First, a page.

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Is UV light a gimmick in LED Fixtures, or do corals benefit by it?

 Article courtesy of Orphek LED Lighting,  www.orphek.com

by James Gasta  

  UV light can be dangerous to all biological life including us humans so we will first explain the different wavelengths of UV light and their effects.

 UV-A – 315-400nm

 UVA is the most commonly found form of UV, and is responsible for the tanning effect we see in our skin after time spent in sunlight.  UV-A can cause sunburn if exposure is excessive and the atmosphere does very little to block this range of UV.

 UV-B – 280-315nm

 UVB is the most dangerous of all forms of UV light.  It possesses enough energy to wreak havoc on cellular DNA cells but not enough to be absorbed by our atmosphere like UV-C.

Overcast or cloudy skies are not enough protection from this type of UV light.

 UV-C – 200-280nm

This light is relatively safe to us because our atmosphere absorbs these rays.  UV-C is found on germicidal lamps and UV sterilizers where it will destroy any biological life it comes in contact with.

 Is UV Light Safe For Corals?

The answer is yes and it is beneficial to corals providing it is emitted at safe levels. Metal halide and especially HQI lamps all emit much UV-A and must be filtered out by a glass or acrylic cover or corals face the possibility of bleaching as the Zooxanthellae cannot adjust to this light at a very fast pace.  Since corals need sunlight to make food, most live in shallow waters near the ocean’s surface which exposes them to UV-A and UV-B rays.  Fortunately corals have the ability to make their own sunscreen to protect them and allow only high and safe ranges of UV which is beneficial to the Zooxanthellae that reside in the corals which provide food to them by way of photosynthesis.  This is one of the concerns with our ozone layer slowly being reduced.  The ozone filters out the dangerous UV-C rays which would otherwise kill the corals as they cannot produce enough sunscreen to protect them from these type UV rays.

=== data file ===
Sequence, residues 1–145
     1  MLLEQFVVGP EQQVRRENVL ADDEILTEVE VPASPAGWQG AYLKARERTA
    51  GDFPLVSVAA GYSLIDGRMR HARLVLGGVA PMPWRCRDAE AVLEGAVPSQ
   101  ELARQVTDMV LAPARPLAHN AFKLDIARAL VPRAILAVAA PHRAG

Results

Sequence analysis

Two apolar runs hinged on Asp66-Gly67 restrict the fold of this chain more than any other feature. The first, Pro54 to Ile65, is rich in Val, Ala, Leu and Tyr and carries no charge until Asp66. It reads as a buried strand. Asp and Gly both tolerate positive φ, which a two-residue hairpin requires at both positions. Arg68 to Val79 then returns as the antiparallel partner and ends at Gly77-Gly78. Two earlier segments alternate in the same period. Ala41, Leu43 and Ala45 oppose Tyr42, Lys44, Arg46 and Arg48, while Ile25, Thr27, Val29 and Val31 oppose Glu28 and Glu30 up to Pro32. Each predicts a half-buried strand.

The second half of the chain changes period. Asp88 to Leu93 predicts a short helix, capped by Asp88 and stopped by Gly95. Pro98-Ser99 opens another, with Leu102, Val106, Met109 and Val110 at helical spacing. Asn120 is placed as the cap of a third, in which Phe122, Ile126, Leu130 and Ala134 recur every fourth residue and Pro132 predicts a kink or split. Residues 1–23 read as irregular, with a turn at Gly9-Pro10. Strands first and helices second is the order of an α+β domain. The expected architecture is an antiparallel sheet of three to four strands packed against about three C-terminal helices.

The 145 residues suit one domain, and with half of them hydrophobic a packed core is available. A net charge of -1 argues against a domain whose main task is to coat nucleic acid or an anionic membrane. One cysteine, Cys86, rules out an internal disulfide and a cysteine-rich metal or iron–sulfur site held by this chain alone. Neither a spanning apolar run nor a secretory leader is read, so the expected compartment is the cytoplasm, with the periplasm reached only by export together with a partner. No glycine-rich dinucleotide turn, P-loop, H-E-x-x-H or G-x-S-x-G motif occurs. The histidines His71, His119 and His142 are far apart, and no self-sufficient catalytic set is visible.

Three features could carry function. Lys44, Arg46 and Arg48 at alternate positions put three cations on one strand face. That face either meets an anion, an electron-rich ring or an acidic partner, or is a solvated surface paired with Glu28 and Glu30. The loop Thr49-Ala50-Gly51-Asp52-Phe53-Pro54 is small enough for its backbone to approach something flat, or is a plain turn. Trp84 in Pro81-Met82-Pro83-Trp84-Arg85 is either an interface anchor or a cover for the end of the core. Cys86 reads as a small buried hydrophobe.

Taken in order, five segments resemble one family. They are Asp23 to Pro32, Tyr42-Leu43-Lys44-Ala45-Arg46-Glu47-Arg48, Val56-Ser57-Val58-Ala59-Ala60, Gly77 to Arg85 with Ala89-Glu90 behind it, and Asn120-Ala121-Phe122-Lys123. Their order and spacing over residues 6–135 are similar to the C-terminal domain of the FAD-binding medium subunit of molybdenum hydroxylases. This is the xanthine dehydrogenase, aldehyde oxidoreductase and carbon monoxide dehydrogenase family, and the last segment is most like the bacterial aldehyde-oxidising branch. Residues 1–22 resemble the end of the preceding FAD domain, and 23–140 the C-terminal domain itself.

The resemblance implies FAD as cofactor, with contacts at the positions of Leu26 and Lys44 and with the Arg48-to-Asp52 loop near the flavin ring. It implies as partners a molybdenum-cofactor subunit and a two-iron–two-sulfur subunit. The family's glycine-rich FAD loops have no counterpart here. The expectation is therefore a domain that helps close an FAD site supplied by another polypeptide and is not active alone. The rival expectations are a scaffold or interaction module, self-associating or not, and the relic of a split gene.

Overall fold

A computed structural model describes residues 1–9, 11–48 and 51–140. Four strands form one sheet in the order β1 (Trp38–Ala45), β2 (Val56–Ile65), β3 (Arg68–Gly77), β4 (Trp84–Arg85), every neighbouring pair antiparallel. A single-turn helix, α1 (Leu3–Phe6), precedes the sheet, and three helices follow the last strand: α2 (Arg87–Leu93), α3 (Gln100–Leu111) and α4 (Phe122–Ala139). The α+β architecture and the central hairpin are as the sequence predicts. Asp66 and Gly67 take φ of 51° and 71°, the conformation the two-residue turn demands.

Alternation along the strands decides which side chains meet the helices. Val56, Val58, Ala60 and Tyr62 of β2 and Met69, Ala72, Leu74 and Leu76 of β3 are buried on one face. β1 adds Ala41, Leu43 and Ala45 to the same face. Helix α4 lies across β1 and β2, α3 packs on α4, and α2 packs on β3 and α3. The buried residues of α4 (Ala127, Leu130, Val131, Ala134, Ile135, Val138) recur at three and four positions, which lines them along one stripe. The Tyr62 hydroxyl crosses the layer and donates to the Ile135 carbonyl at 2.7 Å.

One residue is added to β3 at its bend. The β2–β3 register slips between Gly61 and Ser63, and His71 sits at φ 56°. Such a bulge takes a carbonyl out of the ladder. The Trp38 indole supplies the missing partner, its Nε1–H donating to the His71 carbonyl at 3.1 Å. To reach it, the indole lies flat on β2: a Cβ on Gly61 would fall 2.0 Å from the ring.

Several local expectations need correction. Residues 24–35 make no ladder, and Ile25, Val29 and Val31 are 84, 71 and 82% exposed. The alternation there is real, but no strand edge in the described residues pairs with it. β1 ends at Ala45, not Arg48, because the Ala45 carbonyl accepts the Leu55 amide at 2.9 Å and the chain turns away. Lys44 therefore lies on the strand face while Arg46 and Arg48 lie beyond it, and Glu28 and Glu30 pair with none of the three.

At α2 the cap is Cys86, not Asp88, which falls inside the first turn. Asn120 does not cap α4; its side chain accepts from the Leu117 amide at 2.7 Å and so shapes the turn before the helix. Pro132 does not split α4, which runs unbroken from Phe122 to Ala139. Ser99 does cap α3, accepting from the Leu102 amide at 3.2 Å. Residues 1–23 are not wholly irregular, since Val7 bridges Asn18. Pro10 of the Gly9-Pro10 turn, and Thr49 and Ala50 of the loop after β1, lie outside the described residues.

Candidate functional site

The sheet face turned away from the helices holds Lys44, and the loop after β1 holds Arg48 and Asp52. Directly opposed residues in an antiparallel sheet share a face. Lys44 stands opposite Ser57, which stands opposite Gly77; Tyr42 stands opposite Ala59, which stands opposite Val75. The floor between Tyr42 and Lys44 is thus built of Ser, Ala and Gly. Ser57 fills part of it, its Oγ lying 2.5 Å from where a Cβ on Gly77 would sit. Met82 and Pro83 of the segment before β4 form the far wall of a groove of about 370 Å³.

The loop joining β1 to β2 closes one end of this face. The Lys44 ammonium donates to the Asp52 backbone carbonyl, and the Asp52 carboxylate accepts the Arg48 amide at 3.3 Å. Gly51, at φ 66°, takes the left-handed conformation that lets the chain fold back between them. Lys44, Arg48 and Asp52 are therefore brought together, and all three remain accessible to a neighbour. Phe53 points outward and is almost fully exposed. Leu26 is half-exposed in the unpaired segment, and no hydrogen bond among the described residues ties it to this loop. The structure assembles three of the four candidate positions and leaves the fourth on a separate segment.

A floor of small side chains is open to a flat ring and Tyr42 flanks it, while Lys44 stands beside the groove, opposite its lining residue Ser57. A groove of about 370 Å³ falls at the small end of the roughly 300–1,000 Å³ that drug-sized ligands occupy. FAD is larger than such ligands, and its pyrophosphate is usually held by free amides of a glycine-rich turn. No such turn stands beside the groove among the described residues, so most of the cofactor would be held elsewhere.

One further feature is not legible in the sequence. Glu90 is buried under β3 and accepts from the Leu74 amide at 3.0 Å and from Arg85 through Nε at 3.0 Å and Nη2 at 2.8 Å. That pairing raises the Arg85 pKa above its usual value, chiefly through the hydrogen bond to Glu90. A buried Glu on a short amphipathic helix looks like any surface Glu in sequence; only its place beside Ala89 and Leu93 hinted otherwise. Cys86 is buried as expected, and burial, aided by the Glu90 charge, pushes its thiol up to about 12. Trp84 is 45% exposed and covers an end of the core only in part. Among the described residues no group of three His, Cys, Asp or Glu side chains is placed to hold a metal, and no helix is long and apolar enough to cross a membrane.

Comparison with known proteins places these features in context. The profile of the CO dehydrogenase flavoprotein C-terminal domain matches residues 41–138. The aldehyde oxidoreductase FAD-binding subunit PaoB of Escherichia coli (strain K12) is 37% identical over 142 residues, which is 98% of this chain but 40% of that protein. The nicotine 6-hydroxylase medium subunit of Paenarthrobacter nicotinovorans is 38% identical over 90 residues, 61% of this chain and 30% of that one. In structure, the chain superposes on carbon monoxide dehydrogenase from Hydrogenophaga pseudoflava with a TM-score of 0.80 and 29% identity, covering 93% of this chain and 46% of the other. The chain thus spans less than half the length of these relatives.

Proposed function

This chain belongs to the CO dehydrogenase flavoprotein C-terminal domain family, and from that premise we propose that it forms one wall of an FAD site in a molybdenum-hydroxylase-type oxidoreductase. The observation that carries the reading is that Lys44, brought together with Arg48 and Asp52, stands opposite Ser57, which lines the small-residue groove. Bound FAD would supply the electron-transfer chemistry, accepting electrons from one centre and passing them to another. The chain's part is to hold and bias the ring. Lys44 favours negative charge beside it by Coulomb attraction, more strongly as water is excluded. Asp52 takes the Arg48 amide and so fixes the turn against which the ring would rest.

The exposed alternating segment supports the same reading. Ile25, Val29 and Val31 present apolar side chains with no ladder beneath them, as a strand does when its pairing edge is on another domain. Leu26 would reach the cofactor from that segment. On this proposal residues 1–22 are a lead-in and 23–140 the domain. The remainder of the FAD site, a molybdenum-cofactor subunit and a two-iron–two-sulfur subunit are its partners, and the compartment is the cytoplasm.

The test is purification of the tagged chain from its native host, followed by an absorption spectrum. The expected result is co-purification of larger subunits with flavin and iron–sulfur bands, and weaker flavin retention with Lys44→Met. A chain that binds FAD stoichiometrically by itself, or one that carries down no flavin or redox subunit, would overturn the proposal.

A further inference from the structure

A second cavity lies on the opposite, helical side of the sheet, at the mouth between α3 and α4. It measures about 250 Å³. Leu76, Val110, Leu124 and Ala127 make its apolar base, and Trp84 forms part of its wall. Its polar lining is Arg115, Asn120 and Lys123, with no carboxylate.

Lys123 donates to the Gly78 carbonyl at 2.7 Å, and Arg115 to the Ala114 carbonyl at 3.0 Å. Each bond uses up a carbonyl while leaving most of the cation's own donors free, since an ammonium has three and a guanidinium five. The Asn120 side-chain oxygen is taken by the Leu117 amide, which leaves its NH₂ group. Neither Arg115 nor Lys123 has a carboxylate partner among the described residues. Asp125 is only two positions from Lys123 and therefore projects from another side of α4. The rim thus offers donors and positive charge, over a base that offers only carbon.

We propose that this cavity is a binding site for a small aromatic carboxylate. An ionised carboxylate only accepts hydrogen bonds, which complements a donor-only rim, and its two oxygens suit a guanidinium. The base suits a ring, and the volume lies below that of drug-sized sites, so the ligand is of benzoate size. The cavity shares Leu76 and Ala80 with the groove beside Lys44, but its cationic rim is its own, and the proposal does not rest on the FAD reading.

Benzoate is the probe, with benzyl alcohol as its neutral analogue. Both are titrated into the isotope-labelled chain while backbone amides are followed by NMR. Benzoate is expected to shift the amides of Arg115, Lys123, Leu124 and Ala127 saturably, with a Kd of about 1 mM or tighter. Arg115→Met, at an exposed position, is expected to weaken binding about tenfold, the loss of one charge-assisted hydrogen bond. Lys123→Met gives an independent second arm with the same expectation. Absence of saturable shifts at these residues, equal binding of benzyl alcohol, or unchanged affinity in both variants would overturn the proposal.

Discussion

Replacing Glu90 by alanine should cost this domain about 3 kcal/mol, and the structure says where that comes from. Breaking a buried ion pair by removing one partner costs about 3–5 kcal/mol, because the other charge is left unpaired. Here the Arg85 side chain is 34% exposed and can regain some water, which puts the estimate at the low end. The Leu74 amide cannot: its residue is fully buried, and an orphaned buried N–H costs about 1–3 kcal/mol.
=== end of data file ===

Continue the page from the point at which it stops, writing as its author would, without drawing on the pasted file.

Unlike metal halide lamps, LEDs in the 400-700nm range that are used in aquarium fixtures do not emit UV radiation and that is one of the reasons Orphek now incorporates high range UV-A LEDs in their systems.  The beauty of this is that unlike metal halide/HQI lamps, the UV-A output can be controlled thereby providing safe and beneficial levels for the corals while still bringing out the beautiful fluorescence of the corals.  Orphek’s UV LEDs are in the range of 380-400nm which enters the visible range which produce a small amount of UV yielding a bluish purple light causing the corals to fluoresce while improving photosynthesis within the corals.

 Orphek PR72 Brain corals


When switching to a high PAR/PUR Orphek pendant, you may notice that your corals may close up their polyps or shrink back.  This is a self protective reaction to the change of light, both in intensity and spectral quality.  Within a few days you will notice the color of the coral may change depending on its former lighting source. This change in color actually comes from the Zooxanthellae which reside in the coral. These algae are adapting to the change in ultraviolet light by changing how much UV light they can absorb, and this adaptation is reflected visually as color.
It is not uncommon for corals with bright colors to adjust to the lower UV-A light found in Orphek LED fixtures which incorporate UV LEDs.  The possible loss of some colorful pigmentation is not necessarily a sign of unhealthy coral; the corals are just adjusting to their new environment and will be very colorful.    

Orphek has spent a considerable amount of time testing our UV LEDs with different species of corals to ensure that the UV range is safe and beneficial for corals.  The UV LEDs Orphek incorporates into their systems are safe for humans and will cause no damage to your eye sight.  UV in this range has been tested by NASA and proven to be safe for humans.

  This article is provided by James Gasta (sales-3@orphek.com ) who is employed by Orphek LED and generates blogs and articles for the Orphek website, www.orphek.com .  James also volunteers his time as a crew member for wet web media (crew@wetwebmedia.com ).

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